For 2014, Tissot quietly released a new version of their Seastar dive watch range, called the Seastar 1000 Powermatic 80, that includes some upgrades and features that make it a standout diver for the money. We anticipate that these new features will slowly replace the existing generation Seastar models, but in actuality there may be pros and cons to both the new and old Seastar models.
At 42mm wide in steel, the new Seastar 1000 Powermatic 80 is a wonderfully comfortable mid-size diver. We say mid-size because it is difficult to find men's dive watches under 40mm wide, and many dive watches are 44mm wide and over. Further, at 42mm wide it wears smaller than some other 42mm wide sport watches because of the comparatively narrow lugs. Finally, with a thickness of just 12.4mm, it has a nice slim profile on the wrist.
If you put a 2013 and 2014 Seastar 1000 watch next to each other it will take a minute to see the differences between the two. There are many, though. Let's start with the bezel. For 2014, Tissot is giving the Seastar a ceramic bezel insert, which will come in blue, black, and a maroon red. The latter, of course, gives the watch a black and red tone similar to the very trendy Tudor Heritage Black Bay. The ceramic bezel inserts are rather nice, actually. Rather than just being a flat ring, they slope just a bit where the bezel meets the dial and the markers are actually cut into the bezel rather than being printed on it.
This new bezel design also means that the "serrated" grip on the outside of the bezel is a bit more prominent on the new model as compared to the older models. Over the dial is an AR coated sapphire crystal and there are also some minor changes on the dial. Of course, the overall look and feel of the Seastar dial is the same, but the new model features an upgraded look. This starts with the new applied hour markers that are metal and then filled in with lume, along with a new date window that is a distinct entity versus blending in with the 3 o'clock hour indicator. Side by side, one can see the visual differences much more.
What is also new is the "Powermatic 80" indicator on the dial. This is because the Tissot Seastar 1000 no longer uses the Swiss ETA 2824 automatic movement, but rather the new Tissot Powermatic 80 automatic movement which is the ETA caliber CO7.111. This I believe is essentially a modification of the 2824 but with an 80 hour versus roughly 40 hour power reserve. How do they do that? Basically the frequency of the balance wheel is reduced so that it draws less power and thus allows for a longer power reserve.
It is possible that ETA was able to insert a larger mainspring as well, but the 80 hours of power reserve seems to mostly be a function of reducing the frequency of the 2824 from 4 Hz (28,800 bph) to 3 Hz, (21,600 bph) in the CO7.111. What does this mean? Well when a movement operates at a slower frequency there are less beats per a second, and thus are deviations in accuracy will be more pronounced. That means errors in timing will be more visible and while the watch will have a longer power reserve, if not regulated properly, it might not be as accurate over time.
Therefore, you can see that both the CO7.111 and 2824 movements have their own advantages. The Swatch Group is heavily leaning on the former as being the type of product that they feel will help get people more excited about watches because of the increased power reserve which tends to be unavailable in other watches at this price. Further, for the time being, the Powermatic 80 and other similar movements (Hamilton has some as well) are not going to be available in watches outside the Swatch Group brands.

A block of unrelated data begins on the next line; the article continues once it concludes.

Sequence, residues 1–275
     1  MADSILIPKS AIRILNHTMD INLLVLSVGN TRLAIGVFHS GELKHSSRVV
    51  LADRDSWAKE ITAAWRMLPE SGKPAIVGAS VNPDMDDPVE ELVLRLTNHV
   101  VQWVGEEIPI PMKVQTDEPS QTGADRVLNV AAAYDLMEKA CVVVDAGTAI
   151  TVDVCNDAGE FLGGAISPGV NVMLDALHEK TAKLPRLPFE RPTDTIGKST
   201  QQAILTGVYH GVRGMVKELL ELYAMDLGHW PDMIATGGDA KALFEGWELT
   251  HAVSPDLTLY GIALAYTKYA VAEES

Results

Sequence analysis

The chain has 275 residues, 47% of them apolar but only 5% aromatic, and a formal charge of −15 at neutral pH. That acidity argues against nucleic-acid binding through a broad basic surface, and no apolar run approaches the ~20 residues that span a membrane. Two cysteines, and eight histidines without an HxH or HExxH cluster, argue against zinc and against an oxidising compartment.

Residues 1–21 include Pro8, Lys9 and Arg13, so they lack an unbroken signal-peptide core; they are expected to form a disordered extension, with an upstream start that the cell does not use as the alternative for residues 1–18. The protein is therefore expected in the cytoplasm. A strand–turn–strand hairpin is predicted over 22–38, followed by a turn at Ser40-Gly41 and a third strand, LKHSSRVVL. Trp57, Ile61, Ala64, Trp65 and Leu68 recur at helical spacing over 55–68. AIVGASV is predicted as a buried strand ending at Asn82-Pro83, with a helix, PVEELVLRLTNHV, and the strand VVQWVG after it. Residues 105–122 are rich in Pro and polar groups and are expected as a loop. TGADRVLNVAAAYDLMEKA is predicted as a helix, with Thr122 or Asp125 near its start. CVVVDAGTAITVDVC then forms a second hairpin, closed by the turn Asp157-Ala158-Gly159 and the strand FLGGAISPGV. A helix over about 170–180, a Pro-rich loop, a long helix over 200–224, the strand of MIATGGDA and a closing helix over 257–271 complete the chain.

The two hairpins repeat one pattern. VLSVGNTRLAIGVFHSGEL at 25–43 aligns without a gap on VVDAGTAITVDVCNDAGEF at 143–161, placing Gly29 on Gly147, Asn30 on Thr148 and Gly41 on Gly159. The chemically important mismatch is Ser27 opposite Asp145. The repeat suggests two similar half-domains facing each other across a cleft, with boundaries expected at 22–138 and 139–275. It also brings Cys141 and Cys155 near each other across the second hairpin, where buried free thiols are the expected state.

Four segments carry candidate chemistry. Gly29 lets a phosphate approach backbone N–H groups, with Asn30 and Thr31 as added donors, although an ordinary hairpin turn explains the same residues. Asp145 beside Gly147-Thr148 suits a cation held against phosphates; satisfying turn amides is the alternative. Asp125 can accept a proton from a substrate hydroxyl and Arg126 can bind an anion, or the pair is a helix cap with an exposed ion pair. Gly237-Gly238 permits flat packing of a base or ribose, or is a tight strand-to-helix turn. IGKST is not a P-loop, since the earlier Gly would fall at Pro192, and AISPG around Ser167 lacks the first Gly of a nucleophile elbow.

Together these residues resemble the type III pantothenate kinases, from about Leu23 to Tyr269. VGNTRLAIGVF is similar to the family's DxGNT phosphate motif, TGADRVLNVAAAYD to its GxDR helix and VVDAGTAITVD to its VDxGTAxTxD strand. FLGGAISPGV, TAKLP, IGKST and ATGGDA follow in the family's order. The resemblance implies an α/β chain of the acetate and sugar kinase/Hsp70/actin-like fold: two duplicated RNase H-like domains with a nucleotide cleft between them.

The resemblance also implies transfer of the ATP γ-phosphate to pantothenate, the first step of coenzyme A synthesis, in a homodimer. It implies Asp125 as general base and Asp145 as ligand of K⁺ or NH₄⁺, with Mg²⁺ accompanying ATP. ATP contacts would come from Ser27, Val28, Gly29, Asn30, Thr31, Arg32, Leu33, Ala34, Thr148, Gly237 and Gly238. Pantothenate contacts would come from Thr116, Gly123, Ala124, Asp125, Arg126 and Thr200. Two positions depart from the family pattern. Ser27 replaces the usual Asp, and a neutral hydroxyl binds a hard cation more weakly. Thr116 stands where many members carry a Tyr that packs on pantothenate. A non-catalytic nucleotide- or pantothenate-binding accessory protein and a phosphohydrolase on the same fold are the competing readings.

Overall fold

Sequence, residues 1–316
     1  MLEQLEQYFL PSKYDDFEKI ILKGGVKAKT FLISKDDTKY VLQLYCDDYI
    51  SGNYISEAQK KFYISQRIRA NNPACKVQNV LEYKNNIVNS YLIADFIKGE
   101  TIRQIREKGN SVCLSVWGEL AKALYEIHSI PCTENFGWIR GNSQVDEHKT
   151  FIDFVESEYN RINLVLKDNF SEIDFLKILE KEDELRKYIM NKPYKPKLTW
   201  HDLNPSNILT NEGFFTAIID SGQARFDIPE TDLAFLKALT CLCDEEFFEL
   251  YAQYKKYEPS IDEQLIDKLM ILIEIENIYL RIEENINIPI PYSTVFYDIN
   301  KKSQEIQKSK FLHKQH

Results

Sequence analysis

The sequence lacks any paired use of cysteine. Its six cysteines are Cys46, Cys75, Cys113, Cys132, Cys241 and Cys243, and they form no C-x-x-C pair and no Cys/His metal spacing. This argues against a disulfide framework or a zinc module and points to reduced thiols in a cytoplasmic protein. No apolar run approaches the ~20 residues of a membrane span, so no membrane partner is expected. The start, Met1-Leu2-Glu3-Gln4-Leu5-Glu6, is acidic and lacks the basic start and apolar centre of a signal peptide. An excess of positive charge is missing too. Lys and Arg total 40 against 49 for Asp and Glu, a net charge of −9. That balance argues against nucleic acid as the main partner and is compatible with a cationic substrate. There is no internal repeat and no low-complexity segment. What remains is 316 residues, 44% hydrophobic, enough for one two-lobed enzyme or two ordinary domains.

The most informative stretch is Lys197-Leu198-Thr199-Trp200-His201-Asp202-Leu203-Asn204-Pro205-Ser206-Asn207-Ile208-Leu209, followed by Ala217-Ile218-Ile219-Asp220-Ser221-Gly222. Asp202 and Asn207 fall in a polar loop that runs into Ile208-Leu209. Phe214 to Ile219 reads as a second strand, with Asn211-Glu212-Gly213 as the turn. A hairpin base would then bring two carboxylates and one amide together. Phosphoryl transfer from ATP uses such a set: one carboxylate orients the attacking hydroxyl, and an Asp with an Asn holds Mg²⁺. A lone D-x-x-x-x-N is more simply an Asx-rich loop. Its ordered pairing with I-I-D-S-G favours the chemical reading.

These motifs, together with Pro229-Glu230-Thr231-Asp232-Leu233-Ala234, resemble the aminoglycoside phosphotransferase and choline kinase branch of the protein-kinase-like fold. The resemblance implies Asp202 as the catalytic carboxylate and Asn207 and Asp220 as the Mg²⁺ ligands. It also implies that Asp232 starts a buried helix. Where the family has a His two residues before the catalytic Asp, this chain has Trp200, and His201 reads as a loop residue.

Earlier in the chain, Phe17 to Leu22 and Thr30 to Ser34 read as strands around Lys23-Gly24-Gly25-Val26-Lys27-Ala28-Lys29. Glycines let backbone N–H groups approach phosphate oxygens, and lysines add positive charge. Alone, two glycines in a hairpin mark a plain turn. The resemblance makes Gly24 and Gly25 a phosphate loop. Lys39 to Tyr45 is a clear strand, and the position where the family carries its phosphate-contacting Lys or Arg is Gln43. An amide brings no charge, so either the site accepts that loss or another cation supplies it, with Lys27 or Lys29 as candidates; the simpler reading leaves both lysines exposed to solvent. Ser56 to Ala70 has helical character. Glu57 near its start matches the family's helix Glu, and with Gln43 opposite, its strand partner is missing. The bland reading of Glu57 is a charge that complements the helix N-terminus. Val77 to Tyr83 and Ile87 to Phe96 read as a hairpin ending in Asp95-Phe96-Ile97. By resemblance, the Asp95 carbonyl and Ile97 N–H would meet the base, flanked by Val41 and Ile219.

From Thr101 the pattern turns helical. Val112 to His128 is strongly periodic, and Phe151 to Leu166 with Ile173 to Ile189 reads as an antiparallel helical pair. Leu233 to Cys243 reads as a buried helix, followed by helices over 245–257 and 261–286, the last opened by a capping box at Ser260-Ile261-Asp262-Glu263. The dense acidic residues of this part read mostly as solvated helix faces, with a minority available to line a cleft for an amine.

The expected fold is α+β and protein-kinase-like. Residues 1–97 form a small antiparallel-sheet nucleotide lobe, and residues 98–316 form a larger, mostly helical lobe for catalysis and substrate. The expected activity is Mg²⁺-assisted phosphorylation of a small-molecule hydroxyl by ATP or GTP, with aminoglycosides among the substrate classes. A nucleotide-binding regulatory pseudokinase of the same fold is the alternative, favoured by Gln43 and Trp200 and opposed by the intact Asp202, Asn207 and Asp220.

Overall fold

Given that I don't solely rely on my watch to tell the time, even though I check my watch more than my phone, I'd probably go with the Powermatic 80 over the 2824, especially because I have so many watches with 2824s in them. The other upgrades to the Seastar 1000 are also very nice when you compare the two. This has turned a decent budget Swiss dive watch to one I'd gladly wear as a beater or sports watch.
In addition to being 42mm wide, the Seastar 1000 Powermatic is water resistant to 300 meters (about 1000 feet), has an automatic helium escape valve in the case (why not?), and a nicely-sized and grippy crown. All of this comes in a relatively small package that further manages to have a modern and distinctive case design. The dial also happens to be quite attractive if you are into a modern look (as I am).
Tissot, of course, has a range of Seastar dive watches that goes into the much larger chronograph models. At 48mm wide, the Seastar Chronograph is an entirely different beast, but one of the coolest ones was the limited edition Seastar 1000 Chronograph Valjoux Limited Edition that I reviewed here. I think most will agree that at 42mm wide in a roughly 12mm thick case the new Seastar 1000 Powermatic strikes a great balance between size and design.
This year Tissot will release three versions of the Seastar 1000 Powermatic Diver. They include the Seastar with a black dial and bezel with blue trim, the black dial with red bezel, and the matching blue dial with blue bezel. The watches are available either on the steel metal bracelet or the branded and fitted rubber strap.
As I mentioned above, the three-hand Seastar 1000 is finally a timepiece I'd like to personally wear. Before, it was a nice watch to recommend, but with the new features and design elements it has become a handsome and comfortable weekend watch that won't break the bank. Prices for the Tissot Seastar 1000 Powermatic 80 dive watch are $975 for the ref T066.407.17.057.02 in black on a strap, $975 for the ref. T066.407.17.057.03 in black with the red bezel on a strap, and $995 for the ref. T066.407.11.047.02 in blue on a bracelet. tissotshop.com